3 JOBS FOR THE FAIR & JUST
Lawyers include solicitors, barristers and judges – three occupations that begin by studying a Bachelor of Laws. Solicitors look after a client’s legal interests. They usually represent clients in the Magistrates Court and brief barristers in the higher courts. Barristers specialise in court advocacy, including preparing pleadings for court cases. They do not prepare wills and contracts or do conveyancing. Judges are usually chosen from experienced barristers. To practice law, a solicitor must have completed an undergraduate degree plus a supervised traineeship or approved practical legal course. There is strong competition for positions and some universities now only accept students with an OP 1.
2 POLICE OFFICER
Education requirements for police work differ between states but usually the applicant must be at least 18 years old, and have completed Year 12 or three years of full-time paid employment since leaving school. As there is often strong competition for roles, a vocational qualification such as a Certificate III in Police Studies or a university degree such as a Bachelor of Criminal Justice can give an applicant an advantage. In Queensland, the recruitment process includes integrity vetting, psychological assessment, a panel interview, community and background inquiries, referee checks, and the Applied Policing Skills Assessment physical testing.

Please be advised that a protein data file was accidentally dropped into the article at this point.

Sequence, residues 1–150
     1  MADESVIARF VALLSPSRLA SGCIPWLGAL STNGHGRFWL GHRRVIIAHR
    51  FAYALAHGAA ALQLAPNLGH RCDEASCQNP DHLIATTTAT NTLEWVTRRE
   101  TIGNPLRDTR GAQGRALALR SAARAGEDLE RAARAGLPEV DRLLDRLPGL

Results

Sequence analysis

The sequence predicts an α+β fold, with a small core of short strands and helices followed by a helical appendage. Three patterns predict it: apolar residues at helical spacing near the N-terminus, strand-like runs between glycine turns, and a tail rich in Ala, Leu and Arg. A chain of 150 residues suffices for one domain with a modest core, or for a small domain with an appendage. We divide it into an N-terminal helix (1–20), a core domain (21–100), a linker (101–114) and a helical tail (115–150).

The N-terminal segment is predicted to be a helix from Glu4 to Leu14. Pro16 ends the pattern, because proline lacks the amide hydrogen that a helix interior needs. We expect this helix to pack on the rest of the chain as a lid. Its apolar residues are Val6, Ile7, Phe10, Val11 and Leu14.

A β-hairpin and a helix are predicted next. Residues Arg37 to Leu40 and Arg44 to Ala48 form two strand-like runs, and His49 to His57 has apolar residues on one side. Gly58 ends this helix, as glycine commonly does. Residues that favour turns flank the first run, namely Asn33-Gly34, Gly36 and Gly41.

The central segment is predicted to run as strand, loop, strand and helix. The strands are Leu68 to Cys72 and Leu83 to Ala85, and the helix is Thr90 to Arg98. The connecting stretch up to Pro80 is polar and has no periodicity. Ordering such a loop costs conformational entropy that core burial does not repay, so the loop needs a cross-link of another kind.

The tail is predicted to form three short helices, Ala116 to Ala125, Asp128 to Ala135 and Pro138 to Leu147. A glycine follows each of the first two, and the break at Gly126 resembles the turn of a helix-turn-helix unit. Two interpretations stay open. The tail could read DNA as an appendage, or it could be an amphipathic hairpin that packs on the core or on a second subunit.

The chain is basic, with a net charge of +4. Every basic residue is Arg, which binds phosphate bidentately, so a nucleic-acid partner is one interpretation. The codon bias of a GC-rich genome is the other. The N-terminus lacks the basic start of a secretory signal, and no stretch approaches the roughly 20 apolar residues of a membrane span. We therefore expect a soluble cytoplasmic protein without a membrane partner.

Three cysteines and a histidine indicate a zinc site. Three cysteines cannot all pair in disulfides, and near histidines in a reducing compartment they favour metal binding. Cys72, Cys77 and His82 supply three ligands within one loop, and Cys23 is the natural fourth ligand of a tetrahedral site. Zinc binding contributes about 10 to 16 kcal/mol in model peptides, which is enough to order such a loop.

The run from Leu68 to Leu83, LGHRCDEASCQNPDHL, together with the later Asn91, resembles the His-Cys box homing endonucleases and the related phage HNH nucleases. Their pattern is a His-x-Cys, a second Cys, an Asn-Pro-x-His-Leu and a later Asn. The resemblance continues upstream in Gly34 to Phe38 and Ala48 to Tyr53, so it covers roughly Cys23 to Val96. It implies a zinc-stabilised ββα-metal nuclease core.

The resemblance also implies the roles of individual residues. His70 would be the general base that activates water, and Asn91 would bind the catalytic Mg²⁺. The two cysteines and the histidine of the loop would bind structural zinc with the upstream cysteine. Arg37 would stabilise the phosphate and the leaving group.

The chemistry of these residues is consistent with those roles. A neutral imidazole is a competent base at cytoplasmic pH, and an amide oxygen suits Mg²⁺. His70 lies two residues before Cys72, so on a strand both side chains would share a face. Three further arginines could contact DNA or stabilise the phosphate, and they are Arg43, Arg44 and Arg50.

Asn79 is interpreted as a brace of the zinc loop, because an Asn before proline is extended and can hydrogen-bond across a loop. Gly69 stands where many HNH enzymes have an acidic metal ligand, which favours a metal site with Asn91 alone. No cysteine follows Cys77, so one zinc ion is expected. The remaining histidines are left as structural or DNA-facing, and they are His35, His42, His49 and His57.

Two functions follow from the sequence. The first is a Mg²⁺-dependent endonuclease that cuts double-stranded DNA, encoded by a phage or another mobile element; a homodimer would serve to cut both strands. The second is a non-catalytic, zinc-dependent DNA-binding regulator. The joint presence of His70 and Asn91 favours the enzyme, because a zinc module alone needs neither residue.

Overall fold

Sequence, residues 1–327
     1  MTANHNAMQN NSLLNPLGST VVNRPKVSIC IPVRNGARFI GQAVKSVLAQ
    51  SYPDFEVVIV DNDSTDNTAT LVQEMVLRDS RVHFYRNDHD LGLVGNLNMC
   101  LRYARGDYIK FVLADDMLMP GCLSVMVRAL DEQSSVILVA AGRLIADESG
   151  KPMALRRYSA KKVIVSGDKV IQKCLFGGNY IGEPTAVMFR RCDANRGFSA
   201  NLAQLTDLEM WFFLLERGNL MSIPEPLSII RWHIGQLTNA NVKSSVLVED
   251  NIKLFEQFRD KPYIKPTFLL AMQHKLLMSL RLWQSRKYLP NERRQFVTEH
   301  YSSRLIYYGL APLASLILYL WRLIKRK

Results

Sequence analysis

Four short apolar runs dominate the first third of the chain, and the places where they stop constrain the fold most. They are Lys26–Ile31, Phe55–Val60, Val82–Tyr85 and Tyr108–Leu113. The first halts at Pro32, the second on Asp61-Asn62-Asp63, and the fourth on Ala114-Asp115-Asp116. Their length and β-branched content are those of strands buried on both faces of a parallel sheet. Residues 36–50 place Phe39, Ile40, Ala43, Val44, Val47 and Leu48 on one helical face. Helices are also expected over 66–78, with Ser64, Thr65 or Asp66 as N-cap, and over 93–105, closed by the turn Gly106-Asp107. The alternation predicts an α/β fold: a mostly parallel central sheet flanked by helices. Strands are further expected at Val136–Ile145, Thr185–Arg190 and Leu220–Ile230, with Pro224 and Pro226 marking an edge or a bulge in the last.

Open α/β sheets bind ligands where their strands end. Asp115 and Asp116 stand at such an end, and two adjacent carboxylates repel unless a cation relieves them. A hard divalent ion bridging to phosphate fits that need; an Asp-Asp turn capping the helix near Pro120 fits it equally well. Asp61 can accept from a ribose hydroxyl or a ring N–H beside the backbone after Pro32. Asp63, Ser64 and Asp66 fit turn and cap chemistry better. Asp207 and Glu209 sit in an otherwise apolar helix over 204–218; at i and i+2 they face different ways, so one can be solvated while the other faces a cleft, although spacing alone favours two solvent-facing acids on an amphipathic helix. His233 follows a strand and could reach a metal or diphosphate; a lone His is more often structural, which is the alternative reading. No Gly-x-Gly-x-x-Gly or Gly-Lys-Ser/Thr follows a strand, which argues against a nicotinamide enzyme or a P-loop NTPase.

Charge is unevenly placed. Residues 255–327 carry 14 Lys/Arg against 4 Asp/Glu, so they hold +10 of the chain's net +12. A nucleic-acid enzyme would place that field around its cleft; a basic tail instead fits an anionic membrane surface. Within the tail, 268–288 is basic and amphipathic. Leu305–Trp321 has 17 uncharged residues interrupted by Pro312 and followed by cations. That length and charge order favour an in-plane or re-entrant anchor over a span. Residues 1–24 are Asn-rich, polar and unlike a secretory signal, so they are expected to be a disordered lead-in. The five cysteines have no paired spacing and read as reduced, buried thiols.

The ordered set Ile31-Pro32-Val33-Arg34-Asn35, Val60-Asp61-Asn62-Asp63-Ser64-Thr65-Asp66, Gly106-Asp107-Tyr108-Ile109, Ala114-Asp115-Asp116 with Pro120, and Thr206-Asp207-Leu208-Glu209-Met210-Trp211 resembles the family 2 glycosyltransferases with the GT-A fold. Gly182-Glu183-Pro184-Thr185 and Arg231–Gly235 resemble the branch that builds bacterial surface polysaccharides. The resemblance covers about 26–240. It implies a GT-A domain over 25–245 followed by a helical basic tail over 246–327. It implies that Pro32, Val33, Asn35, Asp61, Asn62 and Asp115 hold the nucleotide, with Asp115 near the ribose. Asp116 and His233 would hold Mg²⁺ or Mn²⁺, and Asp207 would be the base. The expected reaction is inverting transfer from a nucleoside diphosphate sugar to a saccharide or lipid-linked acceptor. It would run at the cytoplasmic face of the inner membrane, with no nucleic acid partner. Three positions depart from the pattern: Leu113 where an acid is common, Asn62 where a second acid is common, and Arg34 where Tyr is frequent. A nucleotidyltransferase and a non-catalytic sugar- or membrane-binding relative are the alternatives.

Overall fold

3 PRISON OFFICER
This occupation involves supervising and controlling the activities of inmates in prisons and other correctional institutions. As workers are responsible for the wellbeing of an often vulnerable group of people, it is important prison officers are fair and just. Most prison officers hold a vocational qualification such as a certificate III or IV (54.5 per cent) or diploma or advanced diploma (19.2 per cent). Of Australians who complete a Certificate III in Correctional Practice, 97.8 per cent are employed within six months of completion.